BloombergNEF’s New Energy Outlook 2022 demonstrates a credible way to achieve global net zero by mid-century

London, November 30, 2022 – Plausible pathways still exist to get on track for well below two degrees Celsius of global warming, if governments and companies take determined action to transition to low-carbon energy technologies, according to the 2022 New Energy Outlook, by research company BloombergNEF (BNEF). The report comes in the wake of the COP27 UN climate change conference, which delivered no meaningful increase in ambition in the fight against global warming.

The BNEF New Energy Outlook explores how the world’s energy system, and the energy systems of nine critical countries that make up 63% of global emissions, may evolve between now and 2050, under two scenarios: the so-called Economic Transition Scenario, and the Paris-aligned Net Zero Scenario.

Switching power generation from fossil fuels to clean power is the single biggest contributor to global emissions reduction, accounting for half of all emissions abated over 2022-50. This includes displacing unabated fossil fuel with wind, solar, other renewables and nuclear – largely mature technologies that exist at scale today. By 2050, the global power system is dominated by wind (48% of generation) and solar (26%), with the rest provided by other renewables (7%), nuclear (9%), hydrogen and coal or gas with carbon capture.

Electrification of transport and industrial processes, buildings and heat – using steadily lower-carbon electricity – is the next biggest contributor to emissions reductions, abating about a quarter of total emissions over the period. Here again, the technologies already exist, though in the case of heating for buildings and industry, electrification is not yet proceeding at pace.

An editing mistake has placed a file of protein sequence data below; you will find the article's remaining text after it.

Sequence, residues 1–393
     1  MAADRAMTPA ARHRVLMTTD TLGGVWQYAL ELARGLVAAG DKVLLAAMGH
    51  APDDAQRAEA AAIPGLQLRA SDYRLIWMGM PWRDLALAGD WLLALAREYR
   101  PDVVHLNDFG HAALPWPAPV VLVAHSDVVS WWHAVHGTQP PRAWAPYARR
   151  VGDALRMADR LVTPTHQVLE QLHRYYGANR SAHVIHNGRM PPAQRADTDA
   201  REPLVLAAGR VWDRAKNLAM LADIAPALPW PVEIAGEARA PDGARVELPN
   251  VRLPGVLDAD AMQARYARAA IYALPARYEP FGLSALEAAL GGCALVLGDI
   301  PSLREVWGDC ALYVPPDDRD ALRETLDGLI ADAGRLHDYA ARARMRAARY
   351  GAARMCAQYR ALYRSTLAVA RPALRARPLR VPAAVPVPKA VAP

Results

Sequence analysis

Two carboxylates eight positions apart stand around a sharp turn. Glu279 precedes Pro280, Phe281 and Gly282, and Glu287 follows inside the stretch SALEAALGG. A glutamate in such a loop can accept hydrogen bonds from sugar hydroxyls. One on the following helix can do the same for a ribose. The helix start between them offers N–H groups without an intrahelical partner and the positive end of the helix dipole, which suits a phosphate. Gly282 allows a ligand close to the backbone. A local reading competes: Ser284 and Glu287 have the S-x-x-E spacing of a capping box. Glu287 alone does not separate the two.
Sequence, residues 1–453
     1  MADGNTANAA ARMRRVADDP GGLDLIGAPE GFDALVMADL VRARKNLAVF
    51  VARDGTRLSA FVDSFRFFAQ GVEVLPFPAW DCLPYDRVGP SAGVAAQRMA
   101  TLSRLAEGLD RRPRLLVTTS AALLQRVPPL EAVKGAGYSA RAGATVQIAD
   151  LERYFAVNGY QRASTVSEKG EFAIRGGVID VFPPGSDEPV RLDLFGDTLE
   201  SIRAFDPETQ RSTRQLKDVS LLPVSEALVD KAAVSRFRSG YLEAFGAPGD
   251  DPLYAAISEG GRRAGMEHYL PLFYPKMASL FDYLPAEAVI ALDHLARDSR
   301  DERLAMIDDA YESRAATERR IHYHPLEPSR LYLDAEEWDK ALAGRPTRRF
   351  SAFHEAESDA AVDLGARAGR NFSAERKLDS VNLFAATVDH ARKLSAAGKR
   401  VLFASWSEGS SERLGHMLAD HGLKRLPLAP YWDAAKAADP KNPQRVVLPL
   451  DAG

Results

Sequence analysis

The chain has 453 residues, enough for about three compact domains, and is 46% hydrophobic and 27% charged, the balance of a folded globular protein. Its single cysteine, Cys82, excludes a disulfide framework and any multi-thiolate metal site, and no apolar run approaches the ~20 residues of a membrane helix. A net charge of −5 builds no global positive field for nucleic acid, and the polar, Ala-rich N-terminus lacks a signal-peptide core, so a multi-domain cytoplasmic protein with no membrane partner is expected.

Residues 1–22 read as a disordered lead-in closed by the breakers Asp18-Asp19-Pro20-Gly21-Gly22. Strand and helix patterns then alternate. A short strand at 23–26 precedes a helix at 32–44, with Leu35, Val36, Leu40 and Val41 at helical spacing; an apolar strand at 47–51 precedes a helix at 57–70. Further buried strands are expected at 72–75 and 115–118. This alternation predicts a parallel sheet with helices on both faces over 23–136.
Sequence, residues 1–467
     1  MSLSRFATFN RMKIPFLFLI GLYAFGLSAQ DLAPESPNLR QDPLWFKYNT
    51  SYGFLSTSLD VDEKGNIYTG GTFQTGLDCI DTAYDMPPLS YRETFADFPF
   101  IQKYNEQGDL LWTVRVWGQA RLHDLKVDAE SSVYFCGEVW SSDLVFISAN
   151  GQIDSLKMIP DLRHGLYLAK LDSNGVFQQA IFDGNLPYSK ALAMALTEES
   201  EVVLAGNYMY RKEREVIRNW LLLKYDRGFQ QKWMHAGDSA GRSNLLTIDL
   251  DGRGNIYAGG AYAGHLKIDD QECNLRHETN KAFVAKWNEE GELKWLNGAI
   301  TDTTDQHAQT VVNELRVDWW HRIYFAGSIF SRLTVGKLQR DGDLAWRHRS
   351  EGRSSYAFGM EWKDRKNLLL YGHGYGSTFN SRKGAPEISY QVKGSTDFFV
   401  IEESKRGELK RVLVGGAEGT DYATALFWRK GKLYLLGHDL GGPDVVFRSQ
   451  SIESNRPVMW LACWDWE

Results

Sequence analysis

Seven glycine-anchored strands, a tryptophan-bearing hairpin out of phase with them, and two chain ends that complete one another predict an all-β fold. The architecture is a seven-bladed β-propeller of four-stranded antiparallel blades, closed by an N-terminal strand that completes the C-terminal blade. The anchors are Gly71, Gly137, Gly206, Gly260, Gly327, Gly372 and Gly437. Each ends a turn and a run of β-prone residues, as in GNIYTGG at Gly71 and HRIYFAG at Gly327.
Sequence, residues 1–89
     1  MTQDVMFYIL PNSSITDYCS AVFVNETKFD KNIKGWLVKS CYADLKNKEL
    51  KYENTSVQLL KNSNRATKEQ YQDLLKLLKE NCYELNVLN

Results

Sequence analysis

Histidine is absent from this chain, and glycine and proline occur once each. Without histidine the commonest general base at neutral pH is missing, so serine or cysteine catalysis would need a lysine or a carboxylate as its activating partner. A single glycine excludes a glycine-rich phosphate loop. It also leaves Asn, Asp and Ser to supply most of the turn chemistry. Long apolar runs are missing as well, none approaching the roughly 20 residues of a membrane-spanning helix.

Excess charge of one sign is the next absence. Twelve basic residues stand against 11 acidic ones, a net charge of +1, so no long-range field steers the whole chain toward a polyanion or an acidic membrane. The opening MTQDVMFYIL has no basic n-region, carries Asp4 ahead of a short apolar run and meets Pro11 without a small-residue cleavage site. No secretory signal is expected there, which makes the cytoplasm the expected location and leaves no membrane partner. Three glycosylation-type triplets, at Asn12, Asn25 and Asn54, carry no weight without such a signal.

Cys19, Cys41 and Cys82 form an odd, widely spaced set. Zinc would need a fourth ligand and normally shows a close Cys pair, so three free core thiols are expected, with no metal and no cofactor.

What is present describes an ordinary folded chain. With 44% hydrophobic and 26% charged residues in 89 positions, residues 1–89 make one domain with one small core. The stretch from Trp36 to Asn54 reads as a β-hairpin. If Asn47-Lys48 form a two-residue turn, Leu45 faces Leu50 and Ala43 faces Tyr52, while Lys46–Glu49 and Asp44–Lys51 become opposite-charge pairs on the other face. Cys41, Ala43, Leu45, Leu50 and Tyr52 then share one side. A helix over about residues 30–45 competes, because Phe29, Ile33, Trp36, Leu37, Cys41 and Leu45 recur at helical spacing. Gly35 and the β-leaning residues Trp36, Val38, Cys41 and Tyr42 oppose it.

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Also needed is a lot of behavior modification – probably even more difficult than ‘determined action’ by governments.

From the UK Environment and Climate Change Committee:
“Drawing on the CCC’s assessment, we have identified that 32 percent of emissions reductions up to 2035 require decisions by individuals and households to adopt low carbon technologies and choose low-carbon products and services, as well as reduce carbon-intensive consumption.”


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The Bloomberg report says that their Net Zero Scenario (by 2050) requires extensive electrification, “more than 80,000 terawatt-hours of generation, more than triple today’s amount.”

This large increase in electrification necessitates a growth rate in generation of more than 4% a year. Does this growth rate seem to be reasonably doable?

In addition the growth would need to come from renewables (and, presumably, some nuclear). Wind + solar currently generate about 3,000 TWh per year, so the growth rate to reach more than 80,000 TWh would need a compound annual growth rate of more than 12%.